HISTORY OF THE CANADIAN SCHOOL, CHENGDU, WEST CHINA, 1909-1950
The Canadian School in West China had its earliest beginnings just after the turn of the 20th Century. F.C. Stephenson, Secretary of The Methodist Church of Canada in 1920, and author of OUR WEST CHINA MISSION wrote that in 1903, the Canadian Methodist Mission in China proposed the opening of a primary day school in Chengdu; in 1904 a boarding school was proposed. In 1907, Mission Council did an in-depth investigation into starting a Boarding School and in 1908, recommended its opening in Chengdu. The first school opened on March 9, 1909, with five pupils, Jim and Norman Endicott, Edna and Douglas Ewan and Joyce Canright. Miss Lela Ker had arrived in China four days earlier to be their teacher. Their classroom was a room at the back of the city church. The school closed from 1911-1913 while Miss Ker was on furlough, but was reopened as a boarding school in the spring of 1914 with three boarders. Up to 1916, 47 students, age 7-13 attended. The first pupil to write High School Entrance exams was Winnifred Service, who passed with honours. Her father, Dr. Charles W. Service was the school physician.
The cornerstone of the new Canadian School was laid on December 17, 1916. It was located on the campus of the West China Union University. Wings were added in 1924, creating the building we all know well. Today, the surrounding grounds with the tennis and basketball courts, the lawn that was our soccer field, the main walkway lined with red and yellow cannas, and the arbour covered in purple wisteria, as well as the walls and gatehouse are gone. The building is now part of the Sichuan Medical Sciences University, which replaced the WCUU Hospital we could see over the school wall.
The Canadian School was open for most of the years from 1916-1950, but events in China forced its closure temporarily from 1939 to 1947. In the fall of 1938, the Japanese started their air raids over Chengdu. The night air raids were hard on the schoolchildren so the school was closed early in 1939. Classes continued on Mt. Omei for sometime. The decision was made to open a school in Jenshow, and it continued until 1943. In 1944, the Overseas Board of the United Church Mission in China ordered women and children to return home. World War II was in full swing, with the Pacific area particularly dangerous. When the war ended in 1945, it was again safe for missionary families to be in China.
In the fall of 1947, Dr and Mrs Walmsley with their daughter Marion, returned to Chengdu to reopen the school for missionary children. Bill Willmott came with them. Marion, Bill and Gwyneth Allen were the only students that had been in Jenshow. Within a few months, the school was flourishing, with most of us boarding. Dr. Walmsley was both Principal and teacher in the High School; Marion Donald taught grades 1-4, and Mary Joliffe was both Matron and teacher of grade 5-8. Constance Walmsley directed two seasons of stage production, supplying the costumes for us budding thespians. Esther Stockwell put together a school choir and Claudia Wilford undertook to teach piano lessons. Gwyneth was her star pupil, performing in a solo recital in the spring of 1949. A number of other people from the community undertook teaching in various disciplines. Dr. Ian Robb with his wife, Rona, lived in the School while they took language study, and he acted as school physician.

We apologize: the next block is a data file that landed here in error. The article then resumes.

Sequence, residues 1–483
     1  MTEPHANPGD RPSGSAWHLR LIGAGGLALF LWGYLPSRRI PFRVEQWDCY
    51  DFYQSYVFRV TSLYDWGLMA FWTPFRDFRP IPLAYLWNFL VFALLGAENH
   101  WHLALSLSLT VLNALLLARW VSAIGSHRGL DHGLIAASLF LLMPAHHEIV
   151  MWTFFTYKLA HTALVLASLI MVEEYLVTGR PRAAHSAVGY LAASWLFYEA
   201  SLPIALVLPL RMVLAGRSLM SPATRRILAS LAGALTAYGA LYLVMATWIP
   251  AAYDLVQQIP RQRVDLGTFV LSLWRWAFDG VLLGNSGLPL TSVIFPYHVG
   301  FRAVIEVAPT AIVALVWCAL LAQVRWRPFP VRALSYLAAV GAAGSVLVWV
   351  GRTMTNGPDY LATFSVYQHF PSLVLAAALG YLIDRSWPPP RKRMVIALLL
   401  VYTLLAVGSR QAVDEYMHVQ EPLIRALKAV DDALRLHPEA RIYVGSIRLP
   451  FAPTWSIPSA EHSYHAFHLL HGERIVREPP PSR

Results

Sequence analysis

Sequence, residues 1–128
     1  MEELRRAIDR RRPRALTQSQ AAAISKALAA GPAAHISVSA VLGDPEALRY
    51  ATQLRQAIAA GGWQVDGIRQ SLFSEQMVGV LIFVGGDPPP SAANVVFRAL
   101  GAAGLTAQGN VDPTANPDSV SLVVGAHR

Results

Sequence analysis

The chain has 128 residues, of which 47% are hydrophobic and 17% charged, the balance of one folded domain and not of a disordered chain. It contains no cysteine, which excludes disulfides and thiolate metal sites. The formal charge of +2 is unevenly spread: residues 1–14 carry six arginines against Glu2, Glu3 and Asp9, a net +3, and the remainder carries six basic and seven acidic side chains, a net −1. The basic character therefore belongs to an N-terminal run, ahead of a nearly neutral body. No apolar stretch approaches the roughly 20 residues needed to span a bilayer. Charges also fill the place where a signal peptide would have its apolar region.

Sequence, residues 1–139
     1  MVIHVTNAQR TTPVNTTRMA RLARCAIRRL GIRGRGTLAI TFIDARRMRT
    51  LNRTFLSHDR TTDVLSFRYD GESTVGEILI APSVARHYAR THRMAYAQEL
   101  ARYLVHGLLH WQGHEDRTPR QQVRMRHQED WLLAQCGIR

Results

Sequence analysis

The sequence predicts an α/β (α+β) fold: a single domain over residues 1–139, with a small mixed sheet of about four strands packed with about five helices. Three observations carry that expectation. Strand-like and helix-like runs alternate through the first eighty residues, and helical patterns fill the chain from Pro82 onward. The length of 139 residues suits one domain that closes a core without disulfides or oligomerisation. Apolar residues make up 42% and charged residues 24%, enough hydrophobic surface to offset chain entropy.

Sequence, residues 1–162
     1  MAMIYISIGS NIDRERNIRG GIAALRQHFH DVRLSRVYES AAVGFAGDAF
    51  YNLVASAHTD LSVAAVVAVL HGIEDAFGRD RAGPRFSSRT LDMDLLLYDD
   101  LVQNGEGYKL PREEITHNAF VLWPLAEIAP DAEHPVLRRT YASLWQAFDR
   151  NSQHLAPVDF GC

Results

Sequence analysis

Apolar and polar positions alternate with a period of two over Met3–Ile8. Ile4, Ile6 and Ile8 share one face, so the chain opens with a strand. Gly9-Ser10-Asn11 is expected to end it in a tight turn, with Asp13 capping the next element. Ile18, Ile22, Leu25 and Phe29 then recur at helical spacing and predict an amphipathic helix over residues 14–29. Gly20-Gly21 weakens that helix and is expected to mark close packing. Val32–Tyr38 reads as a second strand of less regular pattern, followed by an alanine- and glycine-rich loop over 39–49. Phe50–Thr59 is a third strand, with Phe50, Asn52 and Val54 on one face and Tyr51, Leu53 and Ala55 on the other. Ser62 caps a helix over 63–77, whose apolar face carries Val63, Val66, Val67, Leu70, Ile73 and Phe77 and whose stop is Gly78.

In 1949, it was again decided to close the school in Chengdu, this time forever. The political climate in China was changing rapidly. The Nationalists under Chiang Kai Shek were losing ground to the Communists, led by Chairman Mao Tse Tung. Most families with children decided to leave China because of the uncertainty. By the fall of 1949, only 10 children remained – 9 in grade school and one in grade 9. All but one, Phyllis Allen, were living in Chengdu. A small school was opened in the Stinson house. Phyllis boarded with Auntie Kay and Uncle Earl Willmott. Mrs Gunn became the teacher of the grade school which included Judith and Carol Outerbridge, the Gunn and Clowe children, among others.
At the end of the school year in the spring of 1950, it was apparent that the school would have to close. Soon after, all the students had left China. Still the building remains, though changed in appearance and function. In 2009, we celebrate the Centenary of The Canadian School in West China. If the walls could talk, what stories it could tell!